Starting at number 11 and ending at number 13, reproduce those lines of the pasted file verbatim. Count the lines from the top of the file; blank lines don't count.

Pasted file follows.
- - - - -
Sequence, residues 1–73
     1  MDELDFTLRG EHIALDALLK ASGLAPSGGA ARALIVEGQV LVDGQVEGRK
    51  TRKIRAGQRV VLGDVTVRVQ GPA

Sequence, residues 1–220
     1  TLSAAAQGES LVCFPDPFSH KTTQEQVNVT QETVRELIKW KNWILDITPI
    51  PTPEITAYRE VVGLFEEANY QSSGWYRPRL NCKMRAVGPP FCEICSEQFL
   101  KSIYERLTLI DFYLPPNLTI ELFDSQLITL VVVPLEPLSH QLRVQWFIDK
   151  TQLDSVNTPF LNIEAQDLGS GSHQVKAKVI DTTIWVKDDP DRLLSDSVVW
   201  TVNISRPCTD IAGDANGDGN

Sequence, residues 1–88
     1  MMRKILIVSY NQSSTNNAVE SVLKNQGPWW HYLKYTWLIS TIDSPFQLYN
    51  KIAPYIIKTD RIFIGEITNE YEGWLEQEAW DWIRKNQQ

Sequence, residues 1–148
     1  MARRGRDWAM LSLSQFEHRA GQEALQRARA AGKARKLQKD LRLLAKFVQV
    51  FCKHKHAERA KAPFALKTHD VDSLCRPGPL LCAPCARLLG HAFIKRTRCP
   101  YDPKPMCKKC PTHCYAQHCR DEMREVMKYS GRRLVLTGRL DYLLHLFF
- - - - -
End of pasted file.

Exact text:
     1  MMRKILIVSY NQSSTNNAVE SVLKNQGPWW HYLKYTWLIS TIDSPFQLYN
    51  KIAPYIIKTD RIFIGEITNE YEGWLEQEAW DWIRKNQQ

Sequence, residues 1–148